“The gospel restricts the function of the law to that of making demands upon people and to measuring their actions (but only their actions, and not their being) against the demands of the law. But the law is not entitled to pass judgment upon the person, which means upon the being of the human agent. For our acts, whether good or evil, cannot determine our being. Only the one who determines being and non-being determines our being. The gospel therefore contradicts the idea that, for example, on the basis of inhuman acts one can conclude that the subject of such acts is an inhuman person. The category of ‘inhuman’ is itself an inhuman category, at least if our discernment operates within the horizon guided by the gospel. For as forgiveness of sin, the gospel is the power which so addresses a human being that his or her person becomes distinguishable from his or her acts. Preceding all human attempts at self-realization, the gospel is the promise that the human person is already a definitively approved person, namely by God. All attempts to find out who or what we really are by identifying person with achievements or failures lead to an abuse of the law, to an – as it were – legalistic use of the law, to which the Christian faith opposes an evangelical use of the law. For the legalistic use of the law makes the demands of the law into an excessive demand. It makes an excessive demand on individuals if they are definitively to determine themselves through their acts. The gospel does not contradict the law’s demand, but it certainly contradicts the excessive demand of the law by proclaiming the justification of sinners and thereby the distinction between person and work.”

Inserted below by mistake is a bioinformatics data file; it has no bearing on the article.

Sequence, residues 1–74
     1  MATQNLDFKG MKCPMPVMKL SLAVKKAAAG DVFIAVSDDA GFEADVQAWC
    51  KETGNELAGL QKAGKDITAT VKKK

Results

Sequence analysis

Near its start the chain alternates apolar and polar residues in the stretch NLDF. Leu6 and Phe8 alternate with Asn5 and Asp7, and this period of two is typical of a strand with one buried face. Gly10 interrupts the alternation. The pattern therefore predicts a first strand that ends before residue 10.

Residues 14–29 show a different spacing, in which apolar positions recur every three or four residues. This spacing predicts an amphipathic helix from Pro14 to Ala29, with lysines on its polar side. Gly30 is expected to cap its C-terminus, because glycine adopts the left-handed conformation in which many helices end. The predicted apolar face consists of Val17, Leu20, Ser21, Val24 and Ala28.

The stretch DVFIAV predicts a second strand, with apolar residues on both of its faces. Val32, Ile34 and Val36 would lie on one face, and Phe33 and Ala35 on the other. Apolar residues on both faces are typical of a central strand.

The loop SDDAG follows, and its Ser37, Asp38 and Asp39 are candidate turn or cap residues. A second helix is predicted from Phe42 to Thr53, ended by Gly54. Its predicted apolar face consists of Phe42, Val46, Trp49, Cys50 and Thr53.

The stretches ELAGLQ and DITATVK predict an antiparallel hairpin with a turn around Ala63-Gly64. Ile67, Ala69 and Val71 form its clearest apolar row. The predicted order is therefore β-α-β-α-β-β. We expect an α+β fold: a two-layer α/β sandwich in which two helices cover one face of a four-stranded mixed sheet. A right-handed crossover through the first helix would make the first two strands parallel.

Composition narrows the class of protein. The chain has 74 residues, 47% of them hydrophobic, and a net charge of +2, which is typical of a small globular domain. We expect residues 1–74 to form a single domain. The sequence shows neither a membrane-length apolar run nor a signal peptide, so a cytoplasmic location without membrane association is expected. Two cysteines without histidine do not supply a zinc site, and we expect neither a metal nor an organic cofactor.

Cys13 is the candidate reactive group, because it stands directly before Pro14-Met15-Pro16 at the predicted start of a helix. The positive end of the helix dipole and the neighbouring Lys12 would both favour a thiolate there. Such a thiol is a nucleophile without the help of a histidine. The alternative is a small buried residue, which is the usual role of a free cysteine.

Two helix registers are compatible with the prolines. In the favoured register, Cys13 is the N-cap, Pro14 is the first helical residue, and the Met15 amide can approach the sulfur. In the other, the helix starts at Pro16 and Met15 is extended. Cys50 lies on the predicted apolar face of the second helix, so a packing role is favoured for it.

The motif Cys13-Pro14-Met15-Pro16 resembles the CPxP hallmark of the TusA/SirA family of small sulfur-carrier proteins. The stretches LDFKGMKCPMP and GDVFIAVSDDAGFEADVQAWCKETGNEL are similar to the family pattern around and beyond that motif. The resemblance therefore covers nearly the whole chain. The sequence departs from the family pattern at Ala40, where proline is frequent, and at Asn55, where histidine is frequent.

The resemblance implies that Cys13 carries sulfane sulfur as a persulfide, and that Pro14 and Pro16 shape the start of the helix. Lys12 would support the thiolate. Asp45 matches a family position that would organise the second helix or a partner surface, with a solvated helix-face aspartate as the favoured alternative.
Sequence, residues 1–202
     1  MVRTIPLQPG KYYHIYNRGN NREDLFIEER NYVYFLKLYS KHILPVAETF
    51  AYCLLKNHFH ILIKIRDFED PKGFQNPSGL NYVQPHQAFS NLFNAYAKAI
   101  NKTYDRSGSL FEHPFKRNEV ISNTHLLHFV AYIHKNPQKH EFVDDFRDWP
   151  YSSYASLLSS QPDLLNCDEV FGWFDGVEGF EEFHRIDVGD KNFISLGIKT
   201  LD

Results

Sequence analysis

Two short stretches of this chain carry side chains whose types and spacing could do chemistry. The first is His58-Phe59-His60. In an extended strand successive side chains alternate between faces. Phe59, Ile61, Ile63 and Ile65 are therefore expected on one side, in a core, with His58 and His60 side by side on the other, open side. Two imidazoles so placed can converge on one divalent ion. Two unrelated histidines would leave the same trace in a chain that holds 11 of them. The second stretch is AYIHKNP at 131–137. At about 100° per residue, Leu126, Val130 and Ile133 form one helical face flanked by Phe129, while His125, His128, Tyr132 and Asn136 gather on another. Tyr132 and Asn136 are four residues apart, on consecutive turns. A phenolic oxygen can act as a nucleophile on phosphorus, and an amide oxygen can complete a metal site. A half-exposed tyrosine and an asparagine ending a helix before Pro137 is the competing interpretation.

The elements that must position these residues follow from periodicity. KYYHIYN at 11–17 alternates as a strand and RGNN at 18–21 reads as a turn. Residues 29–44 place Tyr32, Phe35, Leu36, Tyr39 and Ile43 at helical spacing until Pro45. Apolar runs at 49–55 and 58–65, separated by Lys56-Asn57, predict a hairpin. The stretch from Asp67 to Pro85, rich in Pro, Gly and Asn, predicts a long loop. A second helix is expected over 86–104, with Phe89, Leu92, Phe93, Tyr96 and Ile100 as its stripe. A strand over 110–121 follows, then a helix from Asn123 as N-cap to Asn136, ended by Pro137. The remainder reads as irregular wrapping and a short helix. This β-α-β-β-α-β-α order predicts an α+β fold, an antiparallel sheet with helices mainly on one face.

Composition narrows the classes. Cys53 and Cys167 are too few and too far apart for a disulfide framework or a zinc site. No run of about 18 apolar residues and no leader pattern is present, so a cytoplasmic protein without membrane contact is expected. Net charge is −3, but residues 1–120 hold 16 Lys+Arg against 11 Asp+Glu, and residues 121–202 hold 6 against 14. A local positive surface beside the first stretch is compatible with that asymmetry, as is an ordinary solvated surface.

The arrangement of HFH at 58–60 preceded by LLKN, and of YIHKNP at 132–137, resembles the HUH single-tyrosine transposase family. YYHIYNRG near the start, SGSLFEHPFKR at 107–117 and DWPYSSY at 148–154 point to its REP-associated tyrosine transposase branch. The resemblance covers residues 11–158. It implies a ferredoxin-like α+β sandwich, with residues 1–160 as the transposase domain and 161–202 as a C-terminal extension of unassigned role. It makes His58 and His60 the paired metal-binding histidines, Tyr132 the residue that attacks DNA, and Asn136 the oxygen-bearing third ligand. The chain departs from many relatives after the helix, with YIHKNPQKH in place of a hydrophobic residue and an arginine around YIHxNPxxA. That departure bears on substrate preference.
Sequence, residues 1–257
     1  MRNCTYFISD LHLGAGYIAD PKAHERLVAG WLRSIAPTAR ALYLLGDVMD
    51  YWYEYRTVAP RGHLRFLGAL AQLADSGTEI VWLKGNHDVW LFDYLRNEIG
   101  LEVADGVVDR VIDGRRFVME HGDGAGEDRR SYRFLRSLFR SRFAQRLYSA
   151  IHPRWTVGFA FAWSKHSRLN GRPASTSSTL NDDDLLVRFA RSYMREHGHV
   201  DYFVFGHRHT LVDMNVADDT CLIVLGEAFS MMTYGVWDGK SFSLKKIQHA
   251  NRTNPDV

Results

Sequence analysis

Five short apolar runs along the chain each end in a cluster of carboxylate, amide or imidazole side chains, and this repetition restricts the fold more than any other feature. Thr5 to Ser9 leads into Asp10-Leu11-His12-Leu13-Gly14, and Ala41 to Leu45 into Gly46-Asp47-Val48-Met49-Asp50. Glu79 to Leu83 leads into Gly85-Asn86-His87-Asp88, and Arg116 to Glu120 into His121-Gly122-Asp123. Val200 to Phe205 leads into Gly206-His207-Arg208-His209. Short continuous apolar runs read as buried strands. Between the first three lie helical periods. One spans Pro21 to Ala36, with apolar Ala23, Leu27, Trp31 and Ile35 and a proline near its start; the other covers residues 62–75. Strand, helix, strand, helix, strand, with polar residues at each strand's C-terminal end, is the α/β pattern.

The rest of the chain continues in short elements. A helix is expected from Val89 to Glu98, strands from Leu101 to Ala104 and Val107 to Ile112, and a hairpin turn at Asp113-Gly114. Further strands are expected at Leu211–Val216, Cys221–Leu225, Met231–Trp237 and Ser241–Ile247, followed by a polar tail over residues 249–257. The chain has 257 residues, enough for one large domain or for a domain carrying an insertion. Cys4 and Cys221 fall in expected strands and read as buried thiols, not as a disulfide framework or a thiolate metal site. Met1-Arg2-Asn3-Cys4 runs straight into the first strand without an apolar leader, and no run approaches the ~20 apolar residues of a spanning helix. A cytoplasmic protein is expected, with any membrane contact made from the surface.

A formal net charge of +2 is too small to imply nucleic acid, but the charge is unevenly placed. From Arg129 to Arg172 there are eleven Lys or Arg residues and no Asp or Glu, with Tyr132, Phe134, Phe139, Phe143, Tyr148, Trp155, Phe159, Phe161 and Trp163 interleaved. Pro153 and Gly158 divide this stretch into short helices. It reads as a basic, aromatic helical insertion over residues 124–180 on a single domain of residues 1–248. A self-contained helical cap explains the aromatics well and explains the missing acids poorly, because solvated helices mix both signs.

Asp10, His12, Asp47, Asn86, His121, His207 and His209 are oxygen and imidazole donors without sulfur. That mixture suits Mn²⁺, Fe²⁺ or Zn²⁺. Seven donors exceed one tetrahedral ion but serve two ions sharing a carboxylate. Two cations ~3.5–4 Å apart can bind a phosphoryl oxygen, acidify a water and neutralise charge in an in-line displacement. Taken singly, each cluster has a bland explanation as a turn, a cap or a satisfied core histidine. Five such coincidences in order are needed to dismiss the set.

“On Becoming Truly Human: The Significance of the Reformation Distinction between Person and Works for the Self-understanding of Modern Humanity,” Theological Essays, vol. II (Edinburgh: T&T Clark, 1995), p. 236.